Since the day her son disappeared in January—after which he joined the Pakistan-based Lashkar-e-Taiba (LeT)—Mehmooda Wani made frantic and often desperate attempts to locate her youngest son, thinking up ways of persuading him to give up arms and come home. But Yawar Bashir Wani, 21, never returned to meet his parents, particularly his mother, after joining militancy. He was a militant for 308 days. The end came swiftly. On Monday night, security forces blew up a residential home in Kulgam, killing Yawar and two foreign militants.
One August morning, the Jammu and Kashmir Police identified Yawar among the four militants who were allegedly part of an attack on the pilgrims returning from Amarnath Yatra on 10 July which left eight worshippers dead and more than 20 injured. The attack shook Kashmir and was widely condemned by political parties and civil society across the ideological spectrum. “I wish they are lying,” Yawar’s father Bashir Ahmad Wani, 55, a government employee in the forest department, told me earlier this year. The other three, Inspector General of Police, Munir Khan, said, were all foreigners. “No religion teaches killing of innocent people, and particularly when they are on their religious duty,” Wani added.
Mehmooda knew the police blamed her son for the brutal attack. However, she remained unconvinced and never abandoned her search. The second wife of Bashir, Mehmooda would look for her son at the homes of active and former militants, their over-ground workers, religious figures, seminaries, bus stands, in buildings under construction and even a nearby forest.
Bashir married Mehmooda in early 2002, after Yawar’s mother died at a young age. He accompanied his father on the day of his second wedding, sitting in the front seat of a taxi that carried the groom, Mehmooda told me one recent morning, as we drove to a nearby village after news broke that one of the militants trapped in an encounter was Yawar. “Bashir’s children were young and that is why he got married again,” Mehmooda said. “He wanted to make sure they did not feel the absence of a mother.”
After a grueling search, in the last week of October, when a phone rang, Mehmooda got dressed and stepped out of her single-storey house in Hablish area of Devsar in Kulgam district. Bashir stood on the narrow path between the front steps of the home and the small gate. “Where are you going?” Bashir asked his wife. “I am going to find my son,” Mehmooda replied calmly. “People will say you have gone mad. He is a militant. They will say you are an informer for police,” Wani scolded his wife. He stopped her from leaving their home.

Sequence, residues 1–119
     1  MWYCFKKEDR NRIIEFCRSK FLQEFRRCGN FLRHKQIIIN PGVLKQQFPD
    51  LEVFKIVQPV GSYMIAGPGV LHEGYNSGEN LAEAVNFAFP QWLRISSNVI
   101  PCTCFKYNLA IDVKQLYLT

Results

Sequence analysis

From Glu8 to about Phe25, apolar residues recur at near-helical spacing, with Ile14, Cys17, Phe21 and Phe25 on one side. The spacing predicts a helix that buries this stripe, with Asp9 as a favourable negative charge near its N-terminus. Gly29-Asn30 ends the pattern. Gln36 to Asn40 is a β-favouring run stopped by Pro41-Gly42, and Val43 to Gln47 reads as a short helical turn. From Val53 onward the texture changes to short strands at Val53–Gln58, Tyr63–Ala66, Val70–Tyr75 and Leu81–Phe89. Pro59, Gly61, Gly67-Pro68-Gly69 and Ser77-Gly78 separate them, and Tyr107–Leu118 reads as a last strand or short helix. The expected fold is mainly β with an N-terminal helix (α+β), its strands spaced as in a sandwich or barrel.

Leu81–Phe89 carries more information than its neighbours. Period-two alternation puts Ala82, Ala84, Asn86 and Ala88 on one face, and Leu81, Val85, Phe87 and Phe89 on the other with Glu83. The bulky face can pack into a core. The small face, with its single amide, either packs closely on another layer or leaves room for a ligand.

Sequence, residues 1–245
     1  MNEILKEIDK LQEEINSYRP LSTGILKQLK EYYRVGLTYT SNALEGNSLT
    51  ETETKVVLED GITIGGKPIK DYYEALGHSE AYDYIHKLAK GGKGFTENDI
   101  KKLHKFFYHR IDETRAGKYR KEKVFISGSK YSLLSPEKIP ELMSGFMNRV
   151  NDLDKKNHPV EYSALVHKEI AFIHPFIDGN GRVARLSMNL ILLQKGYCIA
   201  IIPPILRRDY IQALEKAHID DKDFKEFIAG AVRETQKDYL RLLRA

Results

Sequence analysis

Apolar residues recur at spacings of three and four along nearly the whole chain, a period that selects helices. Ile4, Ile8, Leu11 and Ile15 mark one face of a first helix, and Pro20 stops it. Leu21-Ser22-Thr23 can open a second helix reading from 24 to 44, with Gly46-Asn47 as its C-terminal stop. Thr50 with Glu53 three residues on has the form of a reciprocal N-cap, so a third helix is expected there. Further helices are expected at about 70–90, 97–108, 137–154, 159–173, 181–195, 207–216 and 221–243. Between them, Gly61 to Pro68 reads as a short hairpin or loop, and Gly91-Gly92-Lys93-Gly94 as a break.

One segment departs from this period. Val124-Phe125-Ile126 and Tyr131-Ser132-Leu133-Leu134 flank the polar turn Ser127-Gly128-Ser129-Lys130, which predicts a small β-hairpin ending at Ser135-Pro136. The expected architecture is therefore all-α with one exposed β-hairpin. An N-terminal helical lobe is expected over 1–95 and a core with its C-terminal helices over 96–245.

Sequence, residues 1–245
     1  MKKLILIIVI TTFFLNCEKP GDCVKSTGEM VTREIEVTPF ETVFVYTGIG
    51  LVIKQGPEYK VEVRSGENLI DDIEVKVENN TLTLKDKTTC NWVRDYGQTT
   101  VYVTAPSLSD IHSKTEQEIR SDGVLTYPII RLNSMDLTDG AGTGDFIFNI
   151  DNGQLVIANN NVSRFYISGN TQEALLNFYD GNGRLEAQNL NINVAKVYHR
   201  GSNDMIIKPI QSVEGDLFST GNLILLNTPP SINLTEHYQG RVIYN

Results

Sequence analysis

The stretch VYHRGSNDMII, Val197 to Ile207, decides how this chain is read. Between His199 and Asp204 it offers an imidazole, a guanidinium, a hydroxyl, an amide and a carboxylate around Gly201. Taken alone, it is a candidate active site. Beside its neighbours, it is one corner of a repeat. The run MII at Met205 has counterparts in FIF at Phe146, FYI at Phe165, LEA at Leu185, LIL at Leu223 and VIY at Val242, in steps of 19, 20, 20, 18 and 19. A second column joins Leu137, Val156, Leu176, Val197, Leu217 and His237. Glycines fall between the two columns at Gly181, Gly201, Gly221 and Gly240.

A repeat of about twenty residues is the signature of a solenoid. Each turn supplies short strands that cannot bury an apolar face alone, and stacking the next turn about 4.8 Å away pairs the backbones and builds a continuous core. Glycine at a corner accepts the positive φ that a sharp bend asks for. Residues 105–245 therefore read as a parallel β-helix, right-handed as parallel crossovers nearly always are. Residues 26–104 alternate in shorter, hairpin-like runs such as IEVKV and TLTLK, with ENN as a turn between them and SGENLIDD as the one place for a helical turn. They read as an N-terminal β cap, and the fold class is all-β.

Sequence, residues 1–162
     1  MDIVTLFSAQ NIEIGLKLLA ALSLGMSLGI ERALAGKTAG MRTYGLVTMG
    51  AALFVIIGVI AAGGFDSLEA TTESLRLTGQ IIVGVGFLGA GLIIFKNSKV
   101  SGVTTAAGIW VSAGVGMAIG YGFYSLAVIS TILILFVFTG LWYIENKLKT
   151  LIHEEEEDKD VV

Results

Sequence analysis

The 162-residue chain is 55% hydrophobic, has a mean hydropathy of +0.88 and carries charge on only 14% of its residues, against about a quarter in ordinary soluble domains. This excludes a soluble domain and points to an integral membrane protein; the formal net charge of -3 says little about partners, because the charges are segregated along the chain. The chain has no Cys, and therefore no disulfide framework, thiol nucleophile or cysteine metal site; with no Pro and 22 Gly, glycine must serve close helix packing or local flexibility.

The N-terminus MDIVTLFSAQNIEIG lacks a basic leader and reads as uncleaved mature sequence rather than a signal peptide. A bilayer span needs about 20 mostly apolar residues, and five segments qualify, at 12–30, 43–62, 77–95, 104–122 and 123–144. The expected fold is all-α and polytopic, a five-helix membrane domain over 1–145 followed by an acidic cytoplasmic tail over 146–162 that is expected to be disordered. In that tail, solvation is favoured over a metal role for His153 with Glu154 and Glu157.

After that, Mehmooda hardly ever left home. Confined to her kitchen and thinking about her son, she spent most of her days looking through a window which offered a panoramic view of the vast paddy field behind her home and the Pirpanjal mountains. A few days later, I sat with Mehmooda in her kitchen, sipping nun chai, as the paddy in the field swayed with the wind. “I am his step mother,”Mehmooda said, “I have to try harder than his own mother. If I don’t, people will say I was the reason behind his joining militancy. I can’t afford to miss any opportunity that comes my way to get him back.”
It is often an unexplained yet traumatic experience when you sit with parents of those who have chosen the path of violence as a political ideology. The experience of dealing with the decisions of their children can, at best, remain unexplained. But it is the life afterwards which is more traumatic. Covering it as a reporter also means consciously keeping an observant eye instead of becoming part of the story. Returning home empty-handed, Mehmooda would often find people staring at her for trying to get back a militant, who was on the “path of Allah now.” But then, the next morning, she’d embark on another journey without, in most instances, informing her husband.
A few days before he left, Yawar asked his father to change his seminary from Srinagar to Anantnag. Bashir was furious. After all, he’d recently paid Yawar’s fees. This led to an argument and the father and son were not on speaking terms. Bashir said on the last day his son was home, he asked Yawar asked for forgiveness and told him to hug him tight. “I will always remember that I did not hug him tightly,” Bashir said, almost murmuring. “If I knew he was not going to come back, I would have hugged him tightly and told him to forgive me.”Yawar was a student at a religious seminary Darul-Uloom Bilaliya in Srinagar before he joined the LeT. He decamped with a weapon from a policeman at Hazratbal area of Srinagar. He soon announced his decision on Facebook. Bashir, who despite being in the forest department, a highly corrupt bureau in Jammu and Kashmir, is not a rich man. The house is not well furnished; a small area turned into a park is filled with dust coming from outside. “When my children needed money, I hardly had it,” Bashir said, “Now, I have it but the boy who needed it most is gone.”
On Monday, a group of militants attacked a convoy which was coming from Jammu to Srinagar, near Qazigund area of south Kashmir in Kulgam district, killing an army soldier. The militants fled from the scene and entered a double-storey house. Yawar was among the militants killed by security forces. “I could not bring him back and it will haunt me forever,” Mehmooda shouted even as people began gathering at their home on Tuesday morning in the run up to the funeral prayers. “My son, I will soon join you in your world,” she cried, as Yawar’s body was taken away to be buried.